Black History Month meant something to all of us Latinos, Whites, Asians, Blacks, others - we enjoyed listening to the key note speaker and always learned something from the exhibits some focusing on Black inventions, others on history and Blacks, others the history of African Americans closer to home like Mary Pleasant. I always liked the Buffalo Soldiers and stuck with that part of history to this day. We had the Officers' Club and the Non-Commissioned Officers' Club, we had other places complete with sitting arrangements and we could within two hours put on a show that made every one proud. That one day every one felt they appreciated the efforts of Blacks in America.

It was different when I joined the National Park Service (NPS). The Whites wondered why it was necessary to have a Black History Month. Another paradox was the few Blacks within the NPS who were House Negroes - they could not be independent and were always doing the Master's bidding. "Screw that", I said and took the lead and made things happen.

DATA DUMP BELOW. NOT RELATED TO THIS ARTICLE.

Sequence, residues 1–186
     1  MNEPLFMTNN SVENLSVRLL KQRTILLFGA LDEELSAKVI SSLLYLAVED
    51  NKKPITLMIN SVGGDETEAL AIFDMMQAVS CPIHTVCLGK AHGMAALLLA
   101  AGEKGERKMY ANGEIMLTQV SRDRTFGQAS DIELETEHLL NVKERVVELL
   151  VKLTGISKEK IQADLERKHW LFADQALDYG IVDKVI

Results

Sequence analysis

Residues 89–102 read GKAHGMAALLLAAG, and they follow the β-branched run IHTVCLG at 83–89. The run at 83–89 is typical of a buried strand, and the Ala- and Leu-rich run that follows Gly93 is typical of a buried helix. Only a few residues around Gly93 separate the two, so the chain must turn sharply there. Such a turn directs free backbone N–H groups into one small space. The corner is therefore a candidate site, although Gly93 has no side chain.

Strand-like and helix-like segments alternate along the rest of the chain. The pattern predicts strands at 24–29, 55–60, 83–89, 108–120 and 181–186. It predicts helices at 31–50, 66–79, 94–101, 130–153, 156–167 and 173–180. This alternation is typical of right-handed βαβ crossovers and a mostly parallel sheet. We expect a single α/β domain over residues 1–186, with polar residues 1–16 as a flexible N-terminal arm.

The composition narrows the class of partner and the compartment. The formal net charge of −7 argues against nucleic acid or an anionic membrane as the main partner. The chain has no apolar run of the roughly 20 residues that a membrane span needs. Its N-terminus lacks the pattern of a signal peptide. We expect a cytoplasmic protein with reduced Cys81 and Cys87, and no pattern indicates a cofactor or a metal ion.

Lucky for me I was still at the Presidio of San Francisco working for the NPS and had the contacts and other means necessary to celebrate Black History month - but, as I said I had to deal with blatant racism and the Uncle Tom syndrome that bit some of the NPS Blacks in the ass to the detriment of those that stood for Black contribution and culture.

Perhaps the best solution that ever came from the lack of support at the NPS towards anyone of color was creating the African American Association - a 501 C 3 - the first non-profit in the National Park Service linked to African Americans and approved by the NPS Regional Office.